Jeffrey Shandler’s informative, fascinating and richly detailed Yiddish: Biography of a Language (Oxford University Press, 2020) takes a unique and innovative approach to a discussion of this old Jewish language, which has been spoken and written for centuries. Since a biography of a person entails categories like date and place of birth, family, name and other personal traits, including life expectancy, Shandler deals imaginatively with all these topics, and more.
The author begins, of course, with birth. But the chapter does not contain what you would expect if you were to read a biography, let’s say, of Sholem Aleichem (born 1859, died 1916). Instead, the author gives a captivating array of scholars’ assessments. Not all agree, but one gathers from the varying opinions that, around the late ninth and in the 10th centuries, a language that was spoken by Ashkenazi Jews from northern Italy, France and Germany began to grow and developed into what today is known as Yiddish.
This language had various names, including loshn ashkenaz, the language of Ashkenaz, the Hebrew name for Germany; mame loshn, mother tongue; taitsh, stemming from Daitsh, German, and also meaning translation, i.e. translated from the German, from which most of the Yiddish vocabulary stemmed; and also zhargon, jargon.
No old Yiddish texts survive, but, discovered not too long ago, in the binding of a holiday prayerbook, or machzor, is the oldest written sentence in Yiddish (and in rhyme, too), dating to 1282: “Gut tag im betage se veyr dis makhazor in beys hakneses betrage.” (“A good day comes to the one who carries this prayer book to the synagogue.”)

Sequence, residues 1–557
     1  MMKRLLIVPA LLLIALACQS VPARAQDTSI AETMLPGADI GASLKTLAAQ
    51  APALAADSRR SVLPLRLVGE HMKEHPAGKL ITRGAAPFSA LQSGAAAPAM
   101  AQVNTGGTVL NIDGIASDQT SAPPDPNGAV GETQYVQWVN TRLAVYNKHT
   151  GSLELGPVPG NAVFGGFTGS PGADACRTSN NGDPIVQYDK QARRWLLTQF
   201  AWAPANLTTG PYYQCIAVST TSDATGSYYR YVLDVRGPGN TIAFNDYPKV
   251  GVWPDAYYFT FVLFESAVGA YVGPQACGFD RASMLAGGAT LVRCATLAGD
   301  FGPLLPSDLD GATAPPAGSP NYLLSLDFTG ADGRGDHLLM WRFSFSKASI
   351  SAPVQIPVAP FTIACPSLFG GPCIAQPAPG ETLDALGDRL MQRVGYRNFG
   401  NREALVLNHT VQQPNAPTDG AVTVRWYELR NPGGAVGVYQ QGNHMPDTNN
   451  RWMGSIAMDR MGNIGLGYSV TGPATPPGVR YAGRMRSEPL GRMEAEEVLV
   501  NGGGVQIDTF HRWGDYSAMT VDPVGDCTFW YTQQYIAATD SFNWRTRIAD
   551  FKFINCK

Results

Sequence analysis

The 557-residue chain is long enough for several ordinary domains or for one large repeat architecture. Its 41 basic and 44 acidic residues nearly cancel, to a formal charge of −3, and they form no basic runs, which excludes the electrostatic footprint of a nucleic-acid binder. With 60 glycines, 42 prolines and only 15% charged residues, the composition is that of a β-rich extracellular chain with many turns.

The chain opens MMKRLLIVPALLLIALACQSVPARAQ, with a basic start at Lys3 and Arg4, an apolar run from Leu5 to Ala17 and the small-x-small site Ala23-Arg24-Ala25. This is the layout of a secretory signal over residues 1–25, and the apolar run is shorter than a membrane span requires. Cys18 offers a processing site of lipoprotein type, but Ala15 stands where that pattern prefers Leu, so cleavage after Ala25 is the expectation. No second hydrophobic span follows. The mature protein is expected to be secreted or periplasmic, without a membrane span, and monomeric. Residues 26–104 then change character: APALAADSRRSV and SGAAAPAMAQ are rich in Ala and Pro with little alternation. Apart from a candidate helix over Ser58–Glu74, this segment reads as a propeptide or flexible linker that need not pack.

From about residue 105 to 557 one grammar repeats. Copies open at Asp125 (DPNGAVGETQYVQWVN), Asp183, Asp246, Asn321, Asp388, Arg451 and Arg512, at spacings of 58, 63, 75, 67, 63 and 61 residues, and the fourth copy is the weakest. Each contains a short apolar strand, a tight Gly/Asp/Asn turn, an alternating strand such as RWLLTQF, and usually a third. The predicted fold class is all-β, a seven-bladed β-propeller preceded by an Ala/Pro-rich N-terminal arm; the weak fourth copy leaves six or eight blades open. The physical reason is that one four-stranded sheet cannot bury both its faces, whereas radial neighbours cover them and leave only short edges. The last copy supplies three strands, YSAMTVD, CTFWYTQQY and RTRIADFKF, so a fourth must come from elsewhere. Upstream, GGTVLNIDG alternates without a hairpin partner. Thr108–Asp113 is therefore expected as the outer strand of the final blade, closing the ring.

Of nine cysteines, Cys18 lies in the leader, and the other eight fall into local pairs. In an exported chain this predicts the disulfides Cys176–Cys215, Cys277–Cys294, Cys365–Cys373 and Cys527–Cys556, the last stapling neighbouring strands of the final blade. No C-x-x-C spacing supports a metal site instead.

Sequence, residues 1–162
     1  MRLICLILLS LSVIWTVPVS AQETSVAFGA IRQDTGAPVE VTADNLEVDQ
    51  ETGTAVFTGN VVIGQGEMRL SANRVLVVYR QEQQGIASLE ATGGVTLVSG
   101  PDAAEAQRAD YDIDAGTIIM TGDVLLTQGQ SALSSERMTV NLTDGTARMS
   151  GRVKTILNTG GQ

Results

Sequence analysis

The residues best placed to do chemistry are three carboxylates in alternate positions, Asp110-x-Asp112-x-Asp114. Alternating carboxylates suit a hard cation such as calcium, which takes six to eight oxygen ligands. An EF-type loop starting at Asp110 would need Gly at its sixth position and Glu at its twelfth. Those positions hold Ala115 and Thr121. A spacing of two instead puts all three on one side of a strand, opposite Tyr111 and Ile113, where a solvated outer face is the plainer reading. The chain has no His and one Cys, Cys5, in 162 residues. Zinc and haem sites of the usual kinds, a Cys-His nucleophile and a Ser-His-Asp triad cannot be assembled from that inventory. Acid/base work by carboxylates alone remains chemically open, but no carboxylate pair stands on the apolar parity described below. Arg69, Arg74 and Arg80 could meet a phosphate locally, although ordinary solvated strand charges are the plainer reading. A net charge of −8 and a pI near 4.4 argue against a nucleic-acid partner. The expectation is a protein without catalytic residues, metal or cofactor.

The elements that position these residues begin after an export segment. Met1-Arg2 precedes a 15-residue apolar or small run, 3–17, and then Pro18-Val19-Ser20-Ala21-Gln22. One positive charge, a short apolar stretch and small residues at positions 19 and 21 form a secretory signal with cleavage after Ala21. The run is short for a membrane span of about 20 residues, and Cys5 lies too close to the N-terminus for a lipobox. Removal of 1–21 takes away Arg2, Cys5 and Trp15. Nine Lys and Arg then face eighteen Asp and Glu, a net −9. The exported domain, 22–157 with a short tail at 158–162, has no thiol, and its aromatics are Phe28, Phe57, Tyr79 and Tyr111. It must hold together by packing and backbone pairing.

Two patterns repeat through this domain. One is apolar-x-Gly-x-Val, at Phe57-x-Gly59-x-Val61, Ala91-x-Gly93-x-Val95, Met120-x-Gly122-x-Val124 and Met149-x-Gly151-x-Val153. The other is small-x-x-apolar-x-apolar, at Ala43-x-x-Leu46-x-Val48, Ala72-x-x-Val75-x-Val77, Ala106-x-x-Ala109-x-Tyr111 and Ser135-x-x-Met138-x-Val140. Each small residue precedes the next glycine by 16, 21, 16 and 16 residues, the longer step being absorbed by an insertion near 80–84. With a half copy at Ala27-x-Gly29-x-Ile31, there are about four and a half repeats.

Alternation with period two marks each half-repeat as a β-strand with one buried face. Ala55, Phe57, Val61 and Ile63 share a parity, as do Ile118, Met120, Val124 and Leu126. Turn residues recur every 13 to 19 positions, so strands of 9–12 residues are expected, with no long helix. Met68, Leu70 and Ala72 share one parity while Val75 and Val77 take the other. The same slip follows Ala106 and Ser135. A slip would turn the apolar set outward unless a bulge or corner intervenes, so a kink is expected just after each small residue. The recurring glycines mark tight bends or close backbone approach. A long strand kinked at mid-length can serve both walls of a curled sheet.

Out of the 12 words, three are in Hebrew: machzor, beys and hakneses. This reflects the age-old infusion of Hebrew with the Germanic portion of Yiddish, which exists to this day, where the language has roughly an 18% to 20% Hebrew component.
Shandler informs us that books in Yiddish varied from religious texts aimed at pious readers to secular texts that were often translations of heroic epics recorded in German and Italian. The first printed Yiddish book, in 1541, by Elijah Levita, was Bovo of Antona, the title of which evolved into the famous Yiddish byword “a bovo (bobbe) mayse,” an exaggerated or fantastic grandma’s tale.
The Yiddish and Italy connection is always a surprise to people learning about Yiddish. But, in fact, one of the most popular collections of folk fables was the Ku-Bukh (Cow-Book) by Abraham ben Mattathias, which appeared in Verona, Italy, in 1594.
By the 1590s, many Yiddish books were being printed (the printers were often Christians) both for observant and secular Jewish readers. There were even occasions in the early 1600s when sacred texts, like the widely used Code of Laws (Shulkhan Arukh), were translated into Yiddish so that women could more readily read them. These books were banned by the rabbis, who feared that the women themselves would make halakhic(legal) decisions independently, instead of consulting the religious authorities.
In a chapter of Yiddish: Biography of a Language, Shandler discusses the hybridization of Yiddish; i.e., the incursion of English words into Yiddish. For instance, shul-going American Jews take the Yiddish word daven, anglicize it according to English grammar and say davening for the present tense and davened for the past. In other words, conjugating it as though it were a standard English word.